GOALS

Our primary goals for The People’s Budget are simple, attainable and critical to our nation’s short- and long-term economic future. Any plan that we endorse will:

·Eliminate the deficits and potentially create a surplus thereafter.

·Put America back to work with a “Make it in America” jobs program

·Protect the social safety net.

·End the wars in Afghanistan and Iraq.

·Be FAIR (Fixing America’s Inequality Responsibly)

WHAT WE’RE FIGHTING FOR

As we continue to develop and advocate for The People’s Budget, our task will also be to highlight who we are fighting for with our common-sense ideas.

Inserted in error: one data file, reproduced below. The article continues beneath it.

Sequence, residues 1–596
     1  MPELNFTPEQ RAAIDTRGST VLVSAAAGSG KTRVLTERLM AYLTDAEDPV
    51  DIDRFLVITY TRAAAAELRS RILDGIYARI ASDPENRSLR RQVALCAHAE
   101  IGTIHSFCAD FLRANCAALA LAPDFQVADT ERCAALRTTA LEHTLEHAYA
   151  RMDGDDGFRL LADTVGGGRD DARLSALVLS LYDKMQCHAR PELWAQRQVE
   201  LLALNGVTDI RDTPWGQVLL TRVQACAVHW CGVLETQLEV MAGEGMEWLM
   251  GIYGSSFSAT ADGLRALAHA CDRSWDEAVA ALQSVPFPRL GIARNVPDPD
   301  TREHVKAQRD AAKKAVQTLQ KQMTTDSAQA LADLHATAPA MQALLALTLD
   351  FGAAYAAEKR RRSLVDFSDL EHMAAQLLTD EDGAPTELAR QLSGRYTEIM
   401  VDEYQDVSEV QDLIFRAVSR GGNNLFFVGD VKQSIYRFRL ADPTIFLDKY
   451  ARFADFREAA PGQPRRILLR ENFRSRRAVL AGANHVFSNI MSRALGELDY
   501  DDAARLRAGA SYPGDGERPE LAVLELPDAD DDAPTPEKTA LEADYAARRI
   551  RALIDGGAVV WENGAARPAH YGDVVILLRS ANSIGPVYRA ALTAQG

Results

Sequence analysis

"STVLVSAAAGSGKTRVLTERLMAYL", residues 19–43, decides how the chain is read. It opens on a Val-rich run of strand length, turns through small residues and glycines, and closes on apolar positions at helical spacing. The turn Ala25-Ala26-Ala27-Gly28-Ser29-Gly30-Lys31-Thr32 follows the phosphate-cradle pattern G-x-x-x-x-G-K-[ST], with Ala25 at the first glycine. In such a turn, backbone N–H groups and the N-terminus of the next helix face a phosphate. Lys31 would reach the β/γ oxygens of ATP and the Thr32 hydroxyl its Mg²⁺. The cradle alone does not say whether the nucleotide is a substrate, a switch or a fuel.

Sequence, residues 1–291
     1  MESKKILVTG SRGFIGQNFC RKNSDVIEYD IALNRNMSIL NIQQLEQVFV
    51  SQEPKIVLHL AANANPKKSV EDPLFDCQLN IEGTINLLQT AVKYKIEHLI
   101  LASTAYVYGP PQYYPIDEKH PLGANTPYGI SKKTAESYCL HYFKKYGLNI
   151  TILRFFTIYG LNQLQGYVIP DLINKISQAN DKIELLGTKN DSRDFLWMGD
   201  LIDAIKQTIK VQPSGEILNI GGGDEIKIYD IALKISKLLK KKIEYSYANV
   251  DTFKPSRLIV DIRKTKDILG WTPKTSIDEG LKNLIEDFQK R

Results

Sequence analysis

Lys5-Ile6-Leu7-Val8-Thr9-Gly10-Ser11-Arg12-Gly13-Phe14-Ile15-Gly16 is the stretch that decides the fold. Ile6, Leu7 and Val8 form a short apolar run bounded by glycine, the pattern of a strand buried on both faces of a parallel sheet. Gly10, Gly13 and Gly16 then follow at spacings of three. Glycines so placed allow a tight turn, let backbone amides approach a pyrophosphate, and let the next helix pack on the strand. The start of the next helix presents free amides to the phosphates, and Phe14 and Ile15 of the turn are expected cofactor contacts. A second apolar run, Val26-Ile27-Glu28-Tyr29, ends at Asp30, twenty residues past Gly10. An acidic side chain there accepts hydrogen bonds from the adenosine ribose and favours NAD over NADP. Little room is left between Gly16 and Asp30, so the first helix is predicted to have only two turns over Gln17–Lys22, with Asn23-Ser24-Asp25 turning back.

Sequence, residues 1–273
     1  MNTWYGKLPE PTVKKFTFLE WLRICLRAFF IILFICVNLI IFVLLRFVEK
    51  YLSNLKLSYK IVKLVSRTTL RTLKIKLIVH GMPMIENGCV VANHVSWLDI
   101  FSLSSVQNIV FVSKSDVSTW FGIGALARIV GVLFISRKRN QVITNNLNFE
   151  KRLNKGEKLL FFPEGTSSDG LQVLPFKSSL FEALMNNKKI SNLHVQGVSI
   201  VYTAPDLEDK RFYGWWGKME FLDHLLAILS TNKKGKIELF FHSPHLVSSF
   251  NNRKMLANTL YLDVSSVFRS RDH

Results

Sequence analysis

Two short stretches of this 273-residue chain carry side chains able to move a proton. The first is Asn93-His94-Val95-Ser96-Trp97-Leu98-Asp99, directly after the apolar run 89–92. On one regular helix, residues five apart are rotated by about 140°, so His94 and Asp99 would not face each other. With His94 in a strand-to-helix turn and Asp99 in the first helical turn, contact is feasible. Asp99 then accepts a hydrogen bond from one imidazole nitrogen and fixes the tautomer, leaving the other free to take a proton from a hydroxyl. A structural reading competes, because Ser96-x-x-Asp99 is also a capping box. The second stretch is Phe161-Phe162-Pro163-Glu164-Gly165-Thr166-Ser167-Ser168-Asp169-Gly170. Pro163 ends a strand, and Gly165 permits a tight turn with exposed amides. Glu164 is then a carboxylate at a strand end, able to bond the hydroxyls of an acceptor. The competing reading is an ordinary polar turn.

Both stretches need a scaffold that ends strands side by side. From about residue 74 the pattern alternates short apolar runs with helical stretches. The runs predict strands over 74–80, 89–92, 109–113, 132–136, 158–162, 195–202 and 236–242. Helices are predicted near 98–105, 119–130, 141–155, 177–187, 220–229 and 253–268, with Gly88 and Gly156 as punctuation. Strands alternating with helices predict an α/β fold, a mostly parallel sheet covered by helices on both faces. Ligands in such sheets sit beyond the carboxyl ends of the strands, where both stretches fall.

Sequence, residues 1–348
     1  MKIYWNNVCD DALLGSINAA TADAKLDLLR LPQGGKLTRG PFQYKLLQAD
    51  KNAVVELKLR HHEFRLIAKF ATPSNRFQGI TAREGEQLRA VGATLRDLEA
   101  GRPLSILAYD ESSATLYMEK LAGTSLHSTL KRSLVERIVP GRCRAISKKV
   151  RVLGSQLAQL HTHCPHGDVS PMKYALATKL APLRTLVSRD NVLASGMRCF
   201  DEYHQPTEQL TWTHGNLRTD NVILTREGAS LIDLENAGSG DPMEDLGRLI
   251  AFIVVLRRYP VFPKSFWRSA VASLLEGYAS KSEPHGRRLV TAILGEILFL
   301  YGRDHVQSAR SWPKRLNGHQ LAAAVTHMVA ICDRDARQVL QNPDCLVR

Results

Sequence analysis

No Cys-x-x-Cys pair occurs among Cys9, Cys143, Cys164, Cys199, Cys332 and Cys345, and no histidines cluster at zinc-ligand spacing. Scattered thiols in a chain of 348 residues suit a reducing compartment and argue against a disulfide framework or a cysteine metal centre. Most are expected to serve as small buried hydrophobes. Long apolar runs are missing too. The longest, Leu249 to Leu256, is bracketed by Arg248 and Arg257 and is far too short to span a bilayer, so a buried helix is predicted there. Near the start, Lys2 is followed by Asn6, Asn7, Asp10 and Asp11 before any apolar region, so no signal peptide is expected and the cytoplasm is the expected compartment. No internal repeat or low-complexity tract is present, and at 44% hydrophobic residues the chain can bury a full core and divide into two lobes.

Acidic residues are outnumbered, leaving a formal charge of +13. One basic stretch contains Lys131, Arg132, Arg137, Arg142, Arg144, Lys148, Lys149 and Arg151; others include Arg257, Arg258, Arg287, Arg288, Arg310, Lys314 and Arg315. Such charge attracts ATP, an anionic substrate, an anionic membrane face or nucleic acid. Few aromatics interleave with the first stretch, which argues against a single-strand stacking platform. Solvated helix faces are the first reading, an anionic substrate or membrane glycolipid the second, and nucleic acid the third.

We’re fighting for small businesses trying to thrive and compete in this difficult economy. We’re fighting for moms and dads who are working hard every day to create a better life for their children. We’re fighting for students from middle- and working-class backgrounds who work their way through school. We’re fighting for police officers and firefighters who put their lives on the line for our community. And we’re fighting for seniors who have helped build our nation and deserve dignity and peace of mind as they look toward their golden years.

Our caucus is squarely on the side of the people and we’re fighting to protect the best interest of everyday, working Americans from being overrun by powerful special interests and big corporations.

By  |  06:30 PM ET, 04/05/2011